Three years later, Parr organized the school’s first Fields of Faith, a student-led event where 700 students attended, 34 of whom accepted Christ. The following week, seven of those 34 kids were baptized.
“That’s when I knew the power of what FCA had brought to the entire community of Kansas City,” Parr said. “That’s what FCA is about—influencing students for Christ and making Him known through all that we do.”
By the time his seven-year tenure at Park Hill had ended, more than 200 kids were regularly showing up for the Wednesday morning FCA meetings.
Tari Garner, the head track coach when Parr first arrived, immediately knew there was something special about the enthusiastic newcomer.
“He was on fire to get involved,” Garner said. “His energy was contagious. He impacted our entire program because of his passion for the sport and his love of God and his willingness to share that with kids through FCA. So many kids followed him and became a part of FCA. That spilled over into all of our programs at Park Hill.”
• • •
In 2014, Rebecca’s career as a pediatric dentist led to an opportunity in Lexington, Kentucky. Parr didn’t immediately land a full-time job, but he started working as a substitute teacher at The Academy For Leadership At Millcreek, a school that serves three housing authorities with students who come from challenging circumstances.
Parr was determined to not let his part-time role prevent him from having a full-sized impact.
“When he was in the building, he brought this joy and peace,” said Greg Ross, the school’s principal. “He was a ray of sunshine for our school. Our kids fell in love with him. They called him ‘Super Sub.’ They thought he was like a superhero.”
The following year, in a no-brainer decision, Ross offered Parr the physical education teacher position. Parr jumped into action.
First, he brought back the presidential fitness program. Then, he started a cross country team. He also started a boys lunch group every Friday, where his goal was to mentor the most poorly behaving kids using Scripture-based material from legendary basketball coach John Wooden.
“Jason went from having six kids to having every male student in the fifth grade attending his lunch group,” Ross said. “The demeanor of these kids changed. It’s the most amazing thing I’ve ever seen, and I’ve been in education for more than 20 years.”
In addition to his coaching career, Jason Parr is an endurance athlete representing Team FCA.
Parr organized a screening of the film Woodlawn where 150 students and their families attended. At the end of the night, nearly 90 students gave their hearts to Christ.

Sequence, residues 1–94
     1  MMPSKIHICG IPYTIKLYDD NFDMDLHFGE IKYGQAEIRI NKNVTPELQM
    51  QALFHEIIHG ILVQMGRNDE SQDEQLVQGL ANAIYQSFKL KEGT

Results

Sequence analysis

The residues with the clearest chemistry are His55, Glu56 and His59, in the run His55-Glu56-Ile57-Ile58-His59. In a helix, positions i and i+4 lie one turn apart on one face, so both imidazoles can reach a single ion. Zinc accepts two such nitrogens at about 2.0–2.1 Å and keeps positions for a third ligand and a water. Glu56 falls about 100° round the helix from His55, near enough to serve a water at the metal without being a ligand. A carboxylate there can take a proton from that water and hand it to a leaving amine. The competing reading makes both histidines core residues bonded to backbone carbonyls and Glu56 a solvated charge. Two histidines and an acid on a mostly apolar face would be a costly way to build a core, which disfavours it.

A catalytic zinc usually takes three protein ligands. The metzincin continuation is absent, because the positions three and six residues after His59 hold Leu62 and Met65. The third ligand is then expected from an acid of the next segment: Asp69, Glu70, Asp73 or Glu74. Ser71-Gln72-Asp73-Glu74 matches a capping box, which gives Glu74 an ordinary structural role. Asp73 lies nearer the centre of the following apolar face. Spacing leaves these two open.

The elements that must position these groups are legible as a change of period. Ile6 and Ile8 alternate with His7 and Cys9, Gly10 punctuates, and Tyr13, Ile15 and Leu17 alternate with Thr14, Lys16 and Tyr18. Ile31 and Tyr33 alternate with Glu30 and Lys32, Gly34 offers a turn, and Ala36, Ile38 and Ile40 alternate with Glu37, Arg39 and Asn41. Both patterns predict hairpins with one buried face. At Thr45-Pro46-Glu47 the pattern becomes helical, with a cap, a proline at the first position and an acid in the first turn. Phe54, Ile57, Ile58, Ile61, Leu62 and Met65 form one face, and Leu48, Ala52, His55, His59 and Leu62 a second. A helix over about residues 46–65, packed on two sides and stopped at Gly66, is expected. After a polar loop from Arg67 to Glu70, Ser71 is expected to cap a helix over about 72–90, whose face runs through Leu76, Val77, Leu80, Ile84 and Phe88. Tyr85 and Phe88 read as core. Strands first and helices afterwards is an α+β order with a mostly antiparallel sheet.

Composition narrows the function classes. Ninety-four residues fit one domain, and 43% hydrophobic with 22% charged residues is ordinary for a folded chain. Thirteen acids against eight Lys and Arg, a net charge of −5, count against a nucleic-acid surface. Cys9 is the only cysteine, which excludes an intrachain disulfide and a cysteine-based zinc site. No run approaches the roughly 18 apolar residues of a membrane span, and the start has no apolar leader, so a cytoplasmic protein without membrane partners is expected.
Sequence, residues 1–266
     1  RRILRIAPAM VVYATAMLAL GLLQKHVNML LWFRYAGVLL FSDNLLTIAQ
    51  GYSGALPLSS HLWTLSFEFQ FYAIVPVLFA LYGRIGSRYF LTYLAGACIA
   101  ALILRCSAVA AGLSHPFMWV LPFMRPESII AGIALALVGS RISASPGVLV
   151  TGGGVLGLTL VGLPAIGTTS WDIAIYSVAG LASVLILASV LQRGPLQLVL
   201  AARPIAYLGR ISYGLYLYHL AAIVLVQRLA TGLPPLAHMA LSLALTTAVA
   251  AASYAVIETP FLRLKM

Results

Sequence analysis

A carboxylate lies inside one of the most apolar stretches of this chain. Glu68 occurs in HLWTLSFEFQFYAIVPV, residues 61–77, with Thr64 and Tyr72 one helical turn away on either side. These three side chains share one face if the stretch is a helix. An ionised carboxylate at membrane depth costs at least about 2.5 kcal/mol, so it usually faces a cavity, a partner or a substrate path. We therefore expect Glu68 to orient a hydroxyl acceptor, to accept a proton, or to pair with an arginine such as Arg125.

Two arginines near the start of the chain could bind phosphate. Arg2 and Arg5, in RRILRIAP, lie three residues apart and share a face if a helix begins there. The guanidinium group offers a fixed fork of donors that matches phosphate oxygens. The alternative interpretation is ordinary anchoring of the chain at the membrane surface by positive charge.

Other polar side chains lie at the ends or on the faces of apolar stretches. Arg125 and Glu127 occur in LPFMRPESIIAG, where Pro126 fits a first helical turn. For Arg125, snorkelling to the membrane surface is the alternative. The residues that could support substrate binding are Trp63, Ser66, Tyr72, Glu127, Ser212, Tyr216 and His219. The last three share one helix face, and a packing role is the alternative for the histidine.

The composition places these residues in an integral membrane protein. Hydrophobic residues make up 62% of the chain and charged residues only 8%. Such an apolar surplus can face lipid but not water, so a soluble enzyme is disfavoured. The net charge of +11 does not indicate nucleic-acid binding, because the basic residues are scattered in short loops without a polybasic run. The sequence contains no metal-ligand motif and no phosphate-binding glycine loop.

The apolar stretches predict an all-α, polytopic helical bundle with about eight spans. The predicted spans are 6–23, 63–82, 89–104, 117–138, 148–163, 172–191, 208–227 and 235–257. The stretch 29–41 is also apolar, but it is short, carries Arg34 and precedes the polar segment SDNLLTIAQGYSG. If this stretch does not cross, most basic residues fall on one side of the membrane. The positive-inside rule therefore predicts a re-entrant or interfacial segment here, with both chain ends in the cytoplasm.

At the end of only his second year, another opportunity for Rebecca brought Parr and his two young daughters back to Kansas. Ross said the moment he learned Parr was leaving was “one of the worst days” of his professional career.
“You can’t replace what Coach Parr brought to us,” he said. “Those kinds of people are angels on earth. Jason is just an unreal human being. I hate that I don’t have him in my life on a daily basis. He’s probably the most impactful man I’ve ever been around. Jason has the ability to change an atmosphere, no matter who he’s dealing with—white, black, rich, poor. People literally loved that man, and it’s because He was truly a representation of Christ.”
• • •
After his brief nine-month stint at Maize South High School, Parr accepted an offer to be the head cross country and assistant track and field coach at Friends University in Wichita. In his first year at the NAIA school, he took a program not traditionally known for cross country and lifted the women’s team to a national ranking.
Kelly Thorne, Central Kansas FCA Area Director, first met Parr when he took the job at Maize South, and she has high praise for the popular coach.
“I’ve been doing this for 12 years, and I’ve experienced FCA in 25 states,” she said. “Jason is hands down the most influential coach I’ve ever been around. He has crazy energy and just leaks Jesus everywhere. He’s always sharing the gospel, and he’s never afraid to take a stand for the Lord.”
People often ask Parr how he’s been able to accomplish so much through FCA on such a wide array of public school campuses. In response, he often recites Matthew 10:32-33: “Everyone who acknowledges me publicly here on earth, I will also acknowledge before my Father in heaven. But everyone who denies me here on earth, I will also deny before my Father in heaven.”
“That verse haunts me,” Parr said. “It has been the building block, the foundational piece for why I do ministry. Days are lost when we’re not intentional about what we should have been doing because we were caught up chasing the prize of being victorious and winning. It rips my heart to know that we have this platform, but we don’t live up to it. That used to be me, but now I just want to live for Christ every day.”
Photos courtesy of Jason Parr and Friends University